Fact Sheet: Insurance Regulation is the Answer!

Sunday, May 20, 2007

California’s strong insurance regulatory law has kept rates low. 

On April 13, 2005, American International Group withdrew a proposed 39.9 percent rate increase by its National Union subsidiary after the Foundation for Taxpayer and Consumer Rights filed a challenge requesting a public hearing to see if the increase was warranted.  This follows the reduction of three separate rate hikes requested by the state’s medical malpractice insurers since September 2003.  The reductions were based on the state’s 1988 insurance reform law, Proposition 103.  Proposition 103, among other reforms, created a “prior approval” regulatory system that requires insurers to justify rate hikes and allows the public to challenge excessive rate requests.

Weiss Ratings supports view that regulation is the one thing that will keep rates down.

When Weiss Ratings released its June 2003 study finding that states with caps on noneconomic damage awards saw a greater increase in med mal insurance rates than in states without caps (the opposite of their objective), Time Magazine reported, “Weiss speculates that regulation of premium increases made the difference.” Jyoti Thottam, “He Sets Your Doctor's Bill; A Chastened Insurer,” Time Magazine, June 9, 2003.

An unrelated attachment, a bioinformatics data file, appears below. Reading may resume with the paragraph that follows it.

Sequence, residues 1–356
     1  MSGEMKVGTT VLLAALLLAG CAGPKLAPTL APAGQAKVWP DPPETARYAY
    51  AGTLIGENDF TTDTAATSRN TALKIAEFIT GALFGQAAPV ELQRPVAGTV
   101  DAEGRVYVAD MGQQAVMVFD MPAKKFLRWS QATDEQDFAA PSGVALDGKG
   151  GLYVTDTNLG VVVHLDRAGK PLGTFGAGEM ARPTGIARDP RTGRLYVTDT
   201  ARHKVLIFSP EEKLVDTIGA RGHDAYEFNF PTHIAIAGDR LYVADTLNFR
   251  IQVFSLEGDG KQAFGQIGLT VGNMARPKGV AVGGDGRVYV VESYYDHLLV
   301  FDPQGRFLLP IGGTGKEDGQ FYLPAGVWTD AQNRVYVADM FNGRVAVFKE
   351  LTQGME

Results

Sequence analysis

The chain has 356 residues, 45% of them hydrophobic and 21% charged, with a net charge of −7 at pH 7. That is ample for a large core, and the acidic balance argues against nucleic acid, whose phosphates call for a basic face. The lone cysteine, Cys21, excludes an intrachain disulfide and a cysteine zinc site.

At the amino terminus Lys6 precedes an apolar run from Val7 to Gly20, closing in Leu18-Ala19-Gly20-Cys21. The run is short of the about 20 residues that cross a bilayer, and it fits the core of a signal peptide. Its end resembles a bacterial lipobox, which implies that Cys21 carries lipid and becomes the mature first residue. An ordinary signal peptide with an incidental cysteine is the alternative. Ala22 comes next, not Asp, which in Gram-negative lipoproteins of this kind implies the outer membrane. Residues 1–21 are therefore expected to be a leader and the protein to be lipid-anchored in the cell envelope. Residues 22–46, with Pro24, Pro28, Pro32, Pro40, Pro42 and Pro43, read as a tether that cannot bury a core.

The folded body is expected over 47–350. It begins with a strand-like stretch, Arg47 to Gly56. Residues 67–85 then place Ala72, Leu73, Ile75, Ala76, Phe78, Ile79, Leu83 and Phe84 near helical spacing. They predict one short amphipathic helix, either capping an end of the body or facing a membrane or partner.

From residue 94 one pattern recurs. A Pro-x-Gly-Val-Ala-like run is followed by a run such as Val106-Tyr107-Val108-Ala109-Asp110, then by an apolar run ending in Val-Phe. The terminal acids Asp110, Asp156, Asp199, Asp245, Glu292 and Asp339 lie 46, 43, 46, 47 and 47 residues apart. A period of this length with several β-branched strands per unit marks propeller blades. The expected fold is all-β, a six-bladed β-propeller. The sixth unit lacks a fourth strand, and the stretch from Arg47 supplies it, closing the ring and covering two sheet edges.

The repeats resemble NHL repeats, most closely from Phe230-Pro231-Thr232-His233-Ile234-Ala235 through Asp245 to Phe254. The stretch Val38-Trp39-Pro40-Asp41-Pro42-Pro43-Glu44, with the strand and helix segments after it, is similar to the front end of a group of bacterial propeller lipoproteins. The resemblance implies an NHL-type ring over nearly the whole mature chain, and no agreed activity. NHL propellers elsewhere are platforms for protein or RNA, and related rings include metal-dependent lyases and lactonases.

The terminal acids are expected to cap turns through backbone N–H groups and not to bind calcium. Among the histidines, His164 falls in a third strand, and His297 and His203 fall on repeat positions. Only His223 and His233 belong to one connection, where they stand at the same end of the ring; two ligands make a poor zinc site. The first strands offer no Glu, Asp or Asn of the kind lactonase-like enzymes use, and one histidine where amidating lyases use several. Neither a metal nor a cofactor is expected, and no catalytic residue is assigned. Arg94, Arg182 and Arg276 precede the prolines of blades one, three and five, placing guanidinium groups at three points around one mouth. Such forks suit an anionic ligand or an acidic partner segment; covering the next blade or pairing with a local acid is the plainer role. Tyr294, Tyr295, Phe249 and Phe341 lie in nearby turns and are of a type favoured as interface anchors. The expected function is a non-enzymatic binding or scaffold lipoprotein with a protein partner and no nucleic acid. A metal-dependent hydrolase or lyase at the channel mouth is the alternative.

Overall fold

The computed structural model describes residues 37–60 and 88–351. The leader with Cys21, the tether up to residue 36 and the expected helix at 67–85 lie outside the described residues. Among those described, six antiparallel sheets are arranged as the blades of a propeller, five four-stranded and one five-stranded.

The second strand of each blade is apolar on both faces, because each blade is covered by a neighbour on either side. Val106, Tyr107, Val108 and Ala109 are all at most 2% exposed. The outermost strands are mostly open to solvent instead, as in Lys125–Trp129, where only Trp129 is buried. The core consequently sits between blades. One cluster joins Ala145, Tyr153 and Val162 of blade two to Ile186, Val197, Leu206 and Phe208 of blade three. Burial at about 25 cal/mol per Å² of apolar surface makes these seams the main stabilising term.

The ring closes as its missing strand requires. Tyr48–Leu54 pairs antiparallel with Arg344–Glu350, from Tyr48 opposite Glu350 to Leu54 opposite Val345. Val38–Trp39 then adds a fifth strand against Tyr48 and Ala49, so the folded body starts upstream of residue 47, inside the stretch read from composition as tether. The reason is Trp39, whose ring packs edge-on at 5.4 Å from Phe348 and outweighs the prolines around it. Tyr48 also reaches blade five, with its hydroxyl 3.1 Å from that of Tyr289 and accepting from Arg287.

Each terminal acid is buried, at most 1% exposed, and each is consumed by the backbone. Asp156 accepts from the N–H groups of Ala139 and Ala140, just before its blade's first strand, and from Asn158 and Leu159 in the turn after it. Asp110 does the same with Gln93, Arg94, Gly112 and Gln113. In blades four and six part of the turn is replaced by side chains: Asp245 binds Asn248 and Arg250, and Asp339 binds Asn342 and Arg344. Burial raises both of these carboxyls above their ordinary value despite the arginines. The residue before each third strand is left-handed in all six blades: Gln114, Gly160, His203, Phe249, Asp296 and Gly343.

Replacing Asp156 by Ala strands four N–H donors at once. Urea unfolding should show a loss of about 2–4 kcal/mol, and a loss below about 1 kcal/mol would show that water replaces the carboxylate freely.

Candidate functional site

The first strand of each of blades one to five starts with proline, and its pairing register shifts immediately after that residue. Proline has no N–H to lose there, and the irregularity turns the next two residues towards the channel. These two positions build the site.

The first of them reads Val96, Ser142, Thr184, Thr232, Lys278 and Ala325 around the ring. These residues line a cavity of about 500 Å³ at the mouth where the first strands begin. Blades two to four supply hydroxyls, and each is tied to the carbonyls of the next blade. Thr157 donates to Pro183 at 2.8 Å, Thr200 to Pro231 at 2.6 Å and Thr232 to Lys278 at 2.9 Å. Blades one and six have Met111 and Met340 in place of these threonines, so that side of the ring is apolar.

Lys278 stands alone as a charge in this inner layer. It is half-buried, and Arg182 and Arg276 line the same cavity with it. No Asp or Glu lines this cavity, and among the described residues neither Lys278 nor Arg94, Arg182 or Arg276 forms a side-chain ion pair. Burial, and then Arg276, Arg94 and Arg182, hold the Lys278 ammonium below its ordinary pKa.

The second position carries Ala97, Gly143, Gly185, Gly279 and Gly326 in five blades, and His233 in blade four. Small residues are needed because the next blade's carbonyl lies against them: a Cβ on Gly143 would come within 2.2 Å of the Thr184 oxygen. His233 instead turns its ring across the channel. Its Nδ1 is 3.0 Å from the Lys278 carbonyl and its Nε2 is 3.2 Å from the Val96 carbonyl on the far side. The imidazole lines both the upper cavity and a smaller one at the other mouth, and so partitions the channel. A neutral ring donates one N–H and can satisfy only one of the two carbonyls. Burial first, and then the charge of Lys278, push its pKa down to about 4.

Specific insurance reforms - How to fix the system:

  • There must be a full and thorough investigation of the insurance companies’ data to determine if there are errors in the data and over-reserving, and whether their business and investment practices present unacceptable financial risks for insurance consumers and shareholders by failing to take into account cyclical economic downturns.

  • There must be annual audits of insurance companies to ascertain whether the companies are engaging in questionable accounting practices.

  • Excessive prices being charged by insurers today must be regulated, and the public must be given the opportunity to participate in rate hearings.

  • Medical malpractice insurers should use claims history as a rating factor, and must give that factor significant weight. Though counterintuitive, this standard is not always used.

  • A state consumer advocate should be set up in the Insurance Commissioner’s office to monitor insurance industry waste, inefficiencies and price-gouging.


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